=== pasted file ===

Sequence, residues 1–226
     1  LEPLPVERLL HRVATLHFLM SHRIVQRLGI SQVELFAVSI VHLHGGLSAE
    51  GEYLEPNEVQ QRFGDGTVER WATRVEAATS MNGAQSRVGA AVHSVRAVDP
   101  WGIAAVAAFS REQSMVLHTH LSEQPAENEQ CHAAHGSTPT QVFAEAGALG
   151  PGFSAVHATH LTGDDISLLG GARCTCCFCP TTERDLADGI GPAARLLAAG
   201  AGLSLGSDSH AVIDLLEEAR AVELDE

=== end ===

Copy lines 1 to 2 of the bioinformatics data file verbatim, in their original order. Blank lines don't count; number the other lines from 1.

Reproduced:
Sequence, residues 1–226
     1  LEPLPVERLL HRVATLHFLM SHRIVQRLGI SQVELFAVSI VHLHGGLSAE